Friday, April 09, 2010


If you’ve ever seen NBC’s reality show, “The Biggest Loser”, then you’re fully aware that the biggest loser is actually the biggest winner. The object, of course, is to lose the highest percentage of weight thus becoming the biggest loser. The Pistons are a different kind of “biggest loser.” Of all of the wretched teams in the NBA this season—including the near historically bad New Jersey Nets—the Pistons are, without a doubt, the biggest collection of losers in the group. While every other horrible team is spreading minutes to younger players and ethically tanking the remainder of the season, the Pistons have decided it’s time to showcase the $20 million of wasted money they had the misfortune of acquiring last summer. The only thing worse than Charlie Villanueva and Ben Gordon hibernating through the entire year is for the dreadful duo to wake up just in time to ruin Detroit’s only ray of hope in an otherwise miserable season. Thanks, guys. I didn’t think there was any way you could prove to be a bigger waste of roster space than you already had over the first 76 games. Clearly, I was wrong.

The Pistons were in the Cadillac of draft positions just three days ago. With the first and second positions locked in place weeks ago by New Jersey and Minnesota, the Pistons were standing at the top of a massive heap of teams in the battle for the 3rd position. Thanks to the strength of an 11-game losing streak, the Pistons were just a week from securing a 15.6% chance of winning the NBA Draft Lottery. At the very worst, they were guaranteed the 4th overall pick meaning John Wall, Evan Turner, Derrick Favors, or DeMarcus Cousins was on his way to Detroit. That’s when Villanueva and Gordon decided that they were going to extend their lead as the most worthless players in the NBA. Not only are they largely responsible for Detroit’s inflexible cap situation and its worst record in 15 years, they also cut the team’s chances of winning the NBA Draft lottery by nearly 250% in just 24 hours.

The idiocy began on Tuesday night when Villanueva erupted for 25 points off the bench to lead the Pistons over the Sixers. Villanueva hadn’t scored 20+ points in a game since January 12th. Over that span, he averaged a whopping 9.3 points per game. Gordon—obviously unhappy at the prospects of Villanueva singly handedly pissing off every Pistons fan in the universe—decided that he wanted to wake up from his long winter’s nap against the Hawks on Wednesday night. Gordon came off the bench to score 22 points to lead the Pistons to victory. He hadn’t scored that many points since February 5th. Over that span, he averaged a Villanueva-esque 9.4 points per game.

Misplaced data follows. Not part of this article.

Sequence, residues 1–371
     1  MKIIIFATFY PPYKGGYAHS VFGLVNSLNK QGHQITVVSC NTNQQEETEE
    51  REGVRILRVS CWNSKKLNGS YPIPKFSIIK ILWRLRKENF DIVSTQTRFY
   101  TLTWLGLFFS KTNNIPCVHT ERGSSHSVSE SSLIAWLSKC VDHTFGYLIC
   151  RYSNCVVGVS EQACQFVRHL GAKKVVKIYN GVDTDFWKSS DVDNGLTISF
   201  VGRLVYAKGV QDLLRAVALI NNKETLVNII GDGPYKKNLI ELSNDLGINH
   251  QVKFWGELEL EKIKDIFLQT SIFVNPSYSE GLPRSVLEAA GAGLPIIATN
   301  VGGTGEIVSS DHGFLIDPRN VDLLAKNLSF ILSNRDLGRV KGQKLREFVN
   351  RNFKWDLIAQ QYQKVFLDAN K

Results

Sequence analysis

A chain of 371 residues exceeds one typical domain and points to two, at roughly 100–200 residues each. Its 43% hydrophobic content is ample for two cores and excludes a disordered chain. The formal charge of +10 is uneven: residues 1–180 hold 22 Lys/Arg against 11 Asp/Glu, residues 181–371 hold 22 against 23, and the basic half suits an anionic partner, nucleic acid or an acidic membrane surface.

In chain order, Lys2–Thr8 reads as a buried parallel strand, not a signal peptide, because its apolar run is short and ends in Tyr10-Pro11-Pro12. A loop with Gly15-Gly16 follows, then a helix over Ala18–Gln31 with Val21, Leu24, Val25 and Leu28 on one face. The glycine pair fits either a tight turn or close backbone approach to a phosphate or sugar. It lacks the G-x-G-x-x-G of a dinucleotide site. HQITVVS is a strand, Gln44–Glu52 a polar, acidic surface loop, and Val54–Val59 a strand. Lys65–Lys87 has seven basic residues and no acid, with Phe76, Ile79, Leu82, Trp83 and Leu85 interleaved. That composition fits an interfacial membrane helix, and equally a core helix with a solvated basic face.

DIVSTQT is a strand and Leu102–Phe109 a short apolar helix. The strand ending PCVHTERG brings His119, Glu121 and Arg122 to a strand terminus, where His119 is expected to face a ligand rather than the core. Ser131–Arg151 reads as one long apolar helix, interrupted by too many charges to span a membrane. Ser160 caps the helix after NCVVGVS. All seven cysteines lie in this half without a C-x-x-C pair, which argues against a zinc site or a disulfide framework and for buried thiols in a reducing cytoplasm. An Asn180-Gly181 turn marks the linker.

I don’t know what’s worse, the fact that the Pistons have been nauseatingly unwatchable this season, the fact that Villanueva and Gordon sabotaged Detroit’s draft, or the fact that we’ll undoubtedly have to endure Joe D telling us that these worthless wins are a sign that this team has started to gel. This team couldn’t gel if it were the Jonas Brothers at the Nickelodeon Kid’s Choice Awards. Unfortunately, a lack of quality hair product and bucket of slime is only part of the problem. Perhaps the biggest problem is that this team has no future. Villanueva and Gordon are the equivalent of a pair of anchors buried in the concrete floor of cap space hell. Thanks in part to Joe D’s regrettable decision to sign them to longterm contracts last season, the Pistons not only find themselves the proud owners of a pitiful basketball team, but the proud owners of a pitiful basketball team for what appears to be a long, long time. They are already on the hook for $51.40 million next season. As bad as the Nets, T-Wolves, Kings, and Wizards have been this season, none of the four are on the hook for more than $36 million next season. At least they have the funds to do something about their futility not to mention improved draft position courtesy of Deeetroit Basketball’s awesome two-game winning streak. All of this makes the Pistons the “Biggest Losers” of the NBA.


Anonymous said...

How do the Pistons go from 22-55 to 25-53 ?

Jake said...



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